GRAND RAPIDS, Mich. (WOOD) — West Michigan high school football coaches say they support new statewide rules that limit the amount of collision contact allowed during practices.
The Michigan High School Athletic Association issued changes this week that include restrictions aimed at reducing concussions.
The new rules limit full-contact practices to 30 minutes per week during the season; it used to be 90 minutes. Teams also must limit full-contact preseason practices to six hours per week. Previously, they were allowed to hold a full-contact practice every day during the preseason.
“The game of football has evolved from back when we were growing up where it’s like lay on your back, blow the whistle, get up and smack each other,” Don Fellows, Grand Rapids Christian’s head football coach, said Wednesday.
He told 24 Hour News 8 his coaching staff started cutting down collision contact years ago as more research surfaced about concussions.
“For us at Grand Rapids Christian, it (the new guidelines) won’t change anything because we have never tackled to the ground,” Fellows said.
Todd Kolster, the football coach at Grand Rapids Catholic High School, had a similar reaction.
“It really doesn’t change a whole lot because we’ve already been doing these types of things,” Kolster said.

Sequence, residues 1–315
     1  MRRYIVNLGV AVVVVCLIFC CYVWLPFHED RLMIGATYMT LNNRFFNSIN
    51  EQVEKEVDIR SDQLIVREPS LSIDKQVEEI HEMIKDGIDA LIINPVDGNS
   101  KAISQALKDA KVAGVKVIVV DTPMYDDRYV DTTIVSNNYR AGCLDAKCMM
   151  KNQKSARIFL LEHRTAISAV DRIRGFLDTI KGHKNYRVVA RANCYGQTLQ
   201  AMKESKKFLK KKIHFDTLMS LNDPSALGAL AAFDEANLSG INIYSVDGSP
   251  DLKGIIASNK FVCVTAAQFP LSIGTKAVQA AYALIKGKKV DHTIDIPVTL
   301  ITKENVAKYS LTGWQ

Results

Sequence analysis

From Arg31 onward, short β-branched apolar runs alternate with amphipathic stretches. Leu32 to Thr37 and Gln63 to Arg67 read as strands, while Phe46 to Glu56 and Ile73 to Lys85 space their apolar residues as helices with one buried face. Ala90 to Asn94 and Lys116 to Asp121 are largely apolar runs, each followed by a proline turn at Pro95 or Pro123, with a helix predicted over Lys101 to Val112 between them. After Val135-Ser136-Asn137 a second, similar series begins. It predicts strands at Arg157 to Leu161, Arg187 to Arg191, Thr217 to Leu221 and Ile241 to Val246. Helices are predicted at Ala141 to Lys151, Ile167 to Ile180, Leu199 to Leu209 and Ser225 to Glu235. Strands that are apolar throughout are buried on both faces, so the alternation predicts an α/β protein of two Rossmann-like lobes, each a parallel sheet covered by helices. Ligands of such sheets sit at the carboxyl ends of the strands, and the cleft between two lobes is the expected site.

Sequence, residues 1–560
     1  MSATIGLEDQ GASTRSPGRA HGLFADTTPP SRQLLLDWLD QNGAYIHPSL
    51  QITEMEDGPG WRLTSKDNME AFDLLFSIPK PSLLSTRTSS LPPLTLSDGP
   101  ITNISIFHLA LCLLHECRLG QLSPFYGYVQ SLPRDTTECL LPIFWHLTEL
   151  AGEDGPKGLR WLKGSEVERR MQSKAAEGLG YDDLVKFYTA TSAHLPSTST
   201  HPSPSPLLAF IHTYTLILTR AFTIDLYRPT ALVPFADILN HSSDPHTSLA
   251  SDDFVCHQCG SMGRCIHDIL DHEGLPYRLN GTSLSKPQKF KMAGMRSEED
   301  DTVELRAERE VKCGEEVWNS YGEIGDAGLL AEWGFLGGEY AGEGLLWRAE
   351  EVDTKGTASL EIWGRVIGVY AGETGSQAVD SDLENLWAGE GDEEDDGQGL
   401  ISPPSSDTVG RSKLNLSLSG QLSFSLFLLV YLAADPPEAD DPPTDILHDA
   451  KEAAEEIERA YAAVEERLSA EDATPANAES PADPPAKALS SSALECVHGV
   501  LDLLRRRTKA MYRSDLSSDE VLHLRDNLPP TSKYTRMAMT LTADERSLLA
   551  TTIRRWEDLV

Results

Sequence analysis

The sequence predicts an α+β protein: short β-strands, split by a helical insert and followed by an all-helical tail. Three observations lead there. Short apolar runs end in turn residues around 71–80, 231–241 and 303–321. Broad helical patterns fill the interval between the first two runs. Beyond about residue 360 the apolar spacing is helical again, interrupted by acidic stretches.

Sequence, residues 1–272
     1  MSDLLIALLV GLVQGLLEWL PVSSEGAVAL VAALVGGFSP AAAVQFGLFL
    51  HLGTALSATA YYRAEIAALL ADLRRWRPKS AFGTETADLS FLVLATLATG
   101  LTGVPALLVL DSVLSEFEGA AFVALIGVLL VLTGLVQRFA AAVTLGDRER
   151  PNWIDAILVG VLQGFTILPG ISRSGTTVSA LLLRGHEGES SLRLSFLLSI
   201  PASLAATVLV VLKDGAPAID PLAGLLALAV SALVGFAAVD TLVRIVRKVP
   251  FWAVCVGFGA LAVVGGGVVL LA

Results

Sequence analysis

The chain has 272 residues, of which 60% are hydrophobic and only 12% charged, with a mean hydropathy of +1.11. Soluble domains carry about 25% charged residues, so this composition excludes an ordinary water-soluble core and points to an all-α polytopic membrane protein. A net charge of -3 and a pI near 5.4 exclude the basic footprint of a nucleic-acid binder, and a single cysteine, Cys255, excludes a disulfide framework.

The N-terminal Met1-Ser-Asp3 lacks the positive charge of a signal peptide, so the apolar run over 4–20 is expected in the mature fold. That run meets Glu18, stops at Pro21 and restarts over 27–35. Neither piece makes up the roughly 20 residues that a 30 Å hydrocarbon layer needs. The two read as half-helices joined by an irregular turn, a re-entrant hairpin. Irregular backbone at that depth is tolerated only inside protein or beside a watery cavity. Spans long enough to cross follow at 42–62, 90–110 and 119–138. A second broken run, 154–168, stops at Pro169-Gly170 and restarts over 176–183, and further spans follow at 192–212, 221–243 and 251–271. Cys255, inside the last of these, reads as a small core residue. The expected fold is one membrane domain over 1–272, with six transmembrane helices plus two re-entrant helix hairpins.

He explained that most MHSAA coaches were already finessing safer techniques before the new rules were handed down.
“I’d be shocked if you found a high school coach in our state that had anything negative to say in terms of the practice limitations,” Kolster said.
The latest MHSAA concussion report (PDF) reveals those new practice techniques seem to be working. The number of concussions from football dropped for the second year in a row. And the report also said that 65% of football head injuries happened during games, not practice.
However, a national study done by Practice Like Pros shows most high school football concussions happen at practice. Fellows said that the national trend may be due to team scrimmages where varsity kids are up against second- or third-string players.
“If you don’t pair kids up ones versus ones, you’re asking for problems,” Fellows said. “When you go into a game situation, usually you have your best versus best.”
It’s no doubt a contact sport, but Fellows and Kolster agree that a focus on safety is crucial as they head into each season.
“Everybody’s competitive. Everybody wants to be successful (and) all of those things, but it’s still high school sports,” Kolster said.
By far, the most concussions in high school sports happen during football, MHSAA says. Ice hockey players suffered the second most concussions, according to the latest report. Next on the list were girls soccer, girls basketball, girls competitive cheerleading, girls lacrosse and then boys lacrosse.